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Why Roberts changed his wiretapping stance

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Sen. Pat Roberts got the attention of Washington D.C. over the weekend when [The New York Times][1] reported that he had called for the so-called "warrantless wiretapping" program to be brough under the authority of a special court.As the Times noted: "Mr. Roberts's comments were surprising because he has been a staunch defender of the program and an ally of White House efforts to resist a full-scale Senate investigation."Today's [Washington Post][2] reports that Roberts, chairman of the Senate Intelligence Committee, found he couldn't count on the support of all the committee's Republicans in blocking a demand by Democratic Sen. Jay Rockefeller investigation into theprogram.Maine Republican Olympia Snowe "contacted fellow committee Republican Chuck Hagel (Neb.), who also had voiced concerns about the program. They arranged a three-way phone conversation with Chairman Pat Roberts (R-Kan.)."_Until then, Roberts apparently thought he had the votes to defeat Rockefeller's motion in the committee, which Republicans control nine to seven, the sources said. But Snowe and Hagel told the chairman that if he called up the motion, they would support it, assuring its passage, the sources said.When the closed meeting began, Roberts averted a vote on Rockefeller's motion by arranging for a party-line vote to adjourn until March 7. Roberts, reacting to Hagel and Snowe's actions, told the New York Times on Friday that he now supports bringing the NSA program under FISA's jurisdiction in some manner, a stand that could put him at odds with the administration._The issue is proving divisive for Republicans. [The Associated Press][3] this morning reports that Senate Majority Leader Bill Frist says no legislation is needed to oversee the wiretapping program.Other links today:Sam Brownback links[(New York Times) Bush signals expanded NATO role in Sudan:][4] President Bush signaled a new American commitment on Friday to addressing the crisis in Darfur, saying he would support an expanded role by NATO to shore up a failing African peacekeeping mission there. ... In recent days, some members of Congress and others have begun saying they hoped NATO forces could work with the African Union troops until United Nations forces arrive. "In the interim, let's get NATO involved in this process, because every day you wait, you're going to have more people dying," Senator Sam Brownback, the Kansas Republican, said Thursday in an interview on "The Newshour With Jim Lehrer."[(Renew America commentary) Founding documents Pro-Life:][5] U.S. Senator Sam Brownback, Kansas, recently said, "Our Supreme Court's decision in Roe is certainly not the final word on the issue of abortion, just as the Court was not the final word on slavery in Dred Scott. Our system gives us the opportunity to rectify past wrongs. It is my fervent hope and prayer for America that we base our laws on what science tells us: namely, that the young human embryo is a human life. I believe that I will live to see the end of the abortion industry, and the sanctity and dignity of every human life affirmed. Until then, abortion will continue to prod the conscience of our nation. Great labors remain before us, but the rights and lives of unborn children are absolutely worth our efforts. Reagan was our first great pro-life president, and surely others will follow in his footsteps. His legacy endures and the pro-life movement continues to make steady progress. On behalf of the unborn, let us pray and persevere."Jerry Moran links[(Wichita Eagle) Moran proposes Medicare enrollment deadline extension:][6] Congressman Jerry Moran today announced a proposal that would extend the May 15 deadline to enroll in new prescription drug assistance programs by nearly seven months. "Kansas seniors are struggling greatly," he said today in Topeka. Moran, a Kansas Republican, said most Kansans who are eligible for the controversial Medicare Part D prescription-drug benefit have not yet enrolled.How to contact As always, you can find information to contact members of the Kansas congressional delegation [here.][7] [1]: http://www2.ljworld.com/blogs/kansas_congress/2006/feb/18/wiretapping/ [2]: http://www.washingtonpost.com/wp-dyn/content/article/2006/02/19/AR2006021901031.html [3]: http://www.azdailysun.com/articles/2006/02/20/news/20060220_news_19.txt [4]: http://www.sudantribune.com/article.php3?id_article=14156 [5]: http://www.renewamerica.us/columns/thompson/060218 [6]: http://www.kansas.com/mld/kansas/13897929.htm [7]: http://ljworld.com/extra/where_to_write.html#fed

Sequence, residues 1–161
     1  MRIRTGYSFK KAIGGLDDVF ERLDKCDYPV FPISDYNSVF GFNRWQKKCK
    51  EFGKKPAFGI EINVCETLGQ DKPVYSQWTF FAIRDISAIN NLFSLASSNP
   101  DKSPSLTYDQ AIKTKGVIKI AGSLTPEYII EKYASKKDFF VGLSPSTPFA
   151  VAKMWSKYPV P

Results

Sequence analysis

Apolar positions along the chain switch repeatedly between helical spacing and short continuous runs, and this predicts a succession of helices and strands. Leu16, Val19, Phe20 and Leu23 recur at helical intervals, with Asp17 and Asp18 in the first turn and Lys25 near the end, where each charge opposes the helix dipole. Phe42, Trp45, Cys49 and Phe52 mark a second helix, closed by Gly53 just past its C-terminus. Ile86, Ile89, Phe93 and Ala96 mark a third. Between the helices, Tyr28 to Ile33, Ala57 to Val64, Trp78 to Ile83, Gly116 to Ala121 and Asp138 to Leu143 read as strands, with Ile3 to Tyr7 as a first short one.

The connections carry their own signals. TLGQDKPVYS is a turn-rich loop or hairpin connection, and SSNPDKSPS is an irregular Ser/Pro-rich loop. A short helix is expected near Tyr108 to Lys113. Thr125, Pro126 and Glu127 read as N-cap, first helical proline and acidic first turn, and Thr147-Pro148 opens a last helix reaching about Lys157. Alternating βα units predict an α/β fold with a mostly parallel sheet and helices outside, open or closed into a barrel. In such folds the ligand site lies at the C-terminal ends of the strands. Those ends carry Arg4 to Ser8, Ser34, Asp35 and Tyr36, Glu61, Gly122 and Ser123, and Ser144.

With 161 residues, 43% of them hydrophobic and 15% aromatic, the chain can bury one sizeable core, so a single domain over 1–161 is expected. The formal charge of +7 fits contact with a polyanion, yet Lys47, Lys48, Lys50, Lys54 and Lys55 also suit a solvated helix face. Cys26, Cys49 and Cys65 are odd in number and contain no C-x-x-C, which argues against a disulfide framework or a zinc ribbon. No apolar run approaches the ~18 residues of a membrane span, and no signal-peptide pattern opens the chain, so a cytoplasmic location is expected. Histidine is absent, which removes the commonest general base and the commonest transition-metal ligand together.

Comments

bill_priff 8 years, 10 months ago

It looks like Roberts reputation in DC is starting to make waves back here.

(http://www.kansas.com/mld/kansas/news/editorial/13900376.htm)

"What's bothering many, though, is that Roberts seems prepared to write the Bush team a series of blank checks to conduct the war on terror, even to the point of ignoring policy mistakes and possible violations of law."

No real Kansas conservative wants a White House waterboy for a Senator. It doesn't look like Roberts has the intestinal fortitude to be intelligence committee chairman. If he isn't going to do his job, then maybe he should step down and let someone else take over. Someone with a backbone.

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